A MAN arrested by police investigating the July 7 bombings was today jailed for 16 months for possessing an al Qaeda training manual.
Khalid Khaliq, 34, admitted owning a CD containing techniques on assassination, espionage, torture and interrogation after it was found at his home in Tempest Road, Beeston, Leeds.
The father-of-three was close friends with two of the July 7 suicide bombers Mohammed Sidique Khan and Shehzad Tanweer.
He met Khan 36 hours before his attack in London on July 7 2005, and also went white water rafting in North Wales with Khan and Tanweer, four-and-a-half weeks before the bombings.
Leeds Crown Court heard how a CD copy of the al Qaeda training manual was found in a raid at his home in July 2005.
David Farrell, prosecuting, told the court how Khaliq's home was among those searched in the aftermath of the London attacks.
The court heard how the CD had originally been in Iqra learning centre and bookshop on Bude Terrace, of which Khaliq was a trustee, but was moved from there to his home nearby after the attack.
The court also heard how material on the disc had been downloaded from an American website set up by the US Ministry of Justice following a trial in 2002.
Judge James Stewart criticised the decision to put the material on the internet. He said: "It is like putting pornography on a website when a man is accused of possessing or creating it."
Although Khaliq was in possession of the disc he had never actually downloaded the information onto his home computer. Khaliq claimed he didn't know its content.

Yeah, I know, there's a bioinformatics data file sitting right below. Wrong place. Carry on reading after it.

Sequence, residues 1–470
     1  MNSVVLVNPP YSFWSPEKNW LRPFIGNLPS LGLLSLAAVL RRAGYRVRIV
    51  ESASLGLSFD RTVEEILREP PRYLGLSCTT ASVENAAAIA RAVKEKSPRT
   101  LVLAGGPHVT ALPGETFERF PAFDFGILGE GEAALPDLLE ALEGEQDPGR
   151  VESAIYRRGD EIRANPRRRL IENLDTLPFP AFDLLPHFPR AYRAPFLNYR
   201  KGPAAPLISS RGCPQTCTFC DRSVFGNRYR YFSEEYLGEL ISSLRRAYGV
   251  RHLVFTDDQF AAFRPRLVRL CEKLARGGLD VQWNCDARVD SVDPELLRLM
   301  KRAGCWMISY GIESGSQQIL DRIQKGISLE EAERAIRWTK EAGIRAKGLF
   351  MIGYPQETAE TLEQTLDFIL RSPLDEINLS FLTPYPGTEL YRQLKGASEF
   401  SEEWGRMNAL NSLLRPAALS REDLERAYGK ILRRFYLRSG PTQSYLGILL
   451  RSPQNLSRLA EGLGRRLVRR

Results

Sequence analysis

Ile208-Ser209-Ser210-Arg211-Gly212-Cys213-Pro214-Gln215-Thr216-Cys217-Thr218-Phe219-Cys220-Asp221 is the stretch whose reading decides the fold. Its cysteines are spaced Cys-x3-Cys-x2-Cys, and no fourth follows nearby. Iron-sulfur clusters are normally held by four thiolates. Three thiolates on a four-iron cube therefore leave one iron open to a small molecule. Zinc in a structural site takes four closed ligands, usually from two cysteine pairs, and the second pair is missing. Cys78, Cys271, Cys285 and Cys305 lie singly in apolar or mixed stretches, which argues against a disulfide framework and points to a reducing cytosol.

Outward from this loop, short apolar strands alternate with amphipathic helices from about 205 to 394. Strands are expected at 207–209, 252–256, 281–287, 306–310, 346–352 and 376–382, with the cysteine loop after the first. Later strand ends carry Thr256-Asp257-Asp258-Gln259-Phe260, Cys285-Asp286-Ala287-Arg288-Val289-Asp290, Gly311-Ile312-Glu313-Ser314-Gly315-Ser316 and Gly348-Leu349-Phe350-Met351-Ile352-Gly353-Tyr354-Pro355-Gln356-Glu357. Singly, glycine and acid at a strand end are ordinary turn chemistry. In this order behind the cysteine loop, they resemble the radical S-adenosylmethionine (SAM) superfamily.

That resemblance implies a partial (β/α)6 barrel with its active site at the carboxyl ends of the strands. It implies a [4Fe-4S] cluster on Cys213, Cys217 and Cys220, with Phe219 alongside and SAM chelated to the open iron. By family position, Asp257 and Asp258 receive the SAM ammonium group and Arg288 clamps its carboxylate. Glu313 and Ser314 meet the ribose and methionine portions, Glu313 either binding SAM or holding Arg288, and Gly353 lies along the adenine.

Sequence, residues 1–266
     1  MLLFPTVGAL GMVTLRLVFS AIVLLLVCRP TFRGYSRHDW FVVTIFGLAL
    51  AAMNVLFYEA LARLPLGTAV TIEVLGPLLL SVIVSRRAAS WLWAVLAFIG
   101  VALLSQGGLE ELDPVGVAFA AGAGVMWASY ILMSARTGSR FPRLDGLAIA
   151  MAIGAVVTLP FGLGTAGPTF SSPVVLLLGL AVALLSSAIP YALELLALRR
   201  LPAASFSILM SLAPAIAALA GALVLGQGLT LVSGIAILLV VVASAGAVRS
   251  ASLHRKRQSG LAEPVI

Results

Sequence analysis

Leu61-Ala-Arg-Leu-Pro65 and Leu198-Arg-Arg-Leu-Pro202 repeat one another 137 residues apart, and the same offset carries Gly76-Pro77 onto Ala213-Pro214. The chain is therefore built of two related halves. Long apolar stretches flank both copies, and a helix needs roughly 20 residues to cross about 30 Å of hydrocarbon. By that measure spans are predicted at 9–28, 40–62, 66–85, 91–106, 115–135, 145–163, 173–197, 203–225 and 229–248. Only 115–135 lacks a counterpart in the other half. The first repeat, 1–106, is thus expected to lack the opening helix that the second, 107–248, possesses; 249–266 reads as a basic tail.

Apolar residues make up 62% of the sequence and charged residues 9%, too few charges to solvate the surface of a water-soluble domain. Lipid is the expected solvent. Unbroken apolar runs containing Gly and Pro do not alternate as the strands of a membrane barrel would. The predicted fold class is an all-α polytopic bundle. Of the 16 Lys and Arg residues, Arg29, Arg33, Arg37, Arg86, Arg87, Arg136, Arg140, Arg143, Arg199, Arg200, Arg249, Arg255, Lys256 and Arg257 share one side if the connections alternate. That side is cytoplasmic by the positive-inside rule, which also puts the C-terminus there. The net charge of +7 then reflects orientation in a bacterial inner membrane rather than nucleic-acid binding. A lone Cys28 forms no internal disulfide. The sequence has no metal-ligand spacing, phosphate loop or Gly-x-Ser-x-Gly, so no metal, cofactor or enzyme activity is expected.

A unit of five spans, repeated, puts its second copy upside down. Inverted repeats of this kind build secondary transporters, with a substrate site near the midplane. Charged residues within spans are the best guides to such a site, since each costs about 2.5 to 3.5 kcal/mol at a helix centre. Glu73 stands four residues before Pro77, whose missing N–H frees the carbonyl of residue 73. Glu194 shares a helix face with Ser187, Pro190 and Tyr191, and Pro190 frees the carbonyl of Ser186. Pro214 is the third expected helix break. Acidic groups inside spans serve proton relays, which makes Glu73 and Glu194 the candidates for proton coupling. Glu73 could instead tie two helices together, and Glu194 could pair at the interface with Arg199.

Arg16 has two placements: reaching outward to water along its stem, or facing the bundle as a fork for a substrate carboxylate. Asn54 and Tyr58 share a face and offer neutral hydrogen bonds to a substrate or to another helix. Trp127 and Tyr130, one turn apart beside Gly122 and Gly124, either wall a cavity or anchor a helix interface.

Tim Maloney, for Khaliq, said he was of previous good character and had made efforts to turn his life around since becoming the sole carer of his three children since his wife had left the family.
Mr Maloney said: "He does not have any views which involved the advocacy of suicide bombing."
Mr Maloney said Khaliq had been a volunteer and later an employee of the Leeds Community School and the Sports Development worker at the Hamara Centre, on Tempest Road before giving up his work to care for his children.
His youngest son, aged five, suffers from severe learning difficulties and the court heard from retired teacher Jean Horton how Khaliq was a 'devoted, caring and loving' father.
But jailing him, Judge James Stewart said: "Let us not forget that a terrorist is a person bent on serious violence of the kind we saw on 7/7 which amounts to destroying the very fabric of the society in which we live. It is no offence in this country to hold extremist views. Our society, unlike many others, allows freedom of expression of religious and political views. But you overstepped the boundary.
"Possessing material capable of training those bent on the destruction of the democracy and society, whose benefit you have so readily accepted."
The judge added: "You were born here and brought up here and succeeded in this society for w hich some would say you seem to hold in contempt."
Fifty-two innocent people died and more than 750 were injured when the bombers – Tanweer; Khan, from Dewsbury; Hasib Hussain, from Holbeck, Leeds; and Jermaine Lindsay, from Huddersfield – attacked three Underground trains and a bus in July 2005.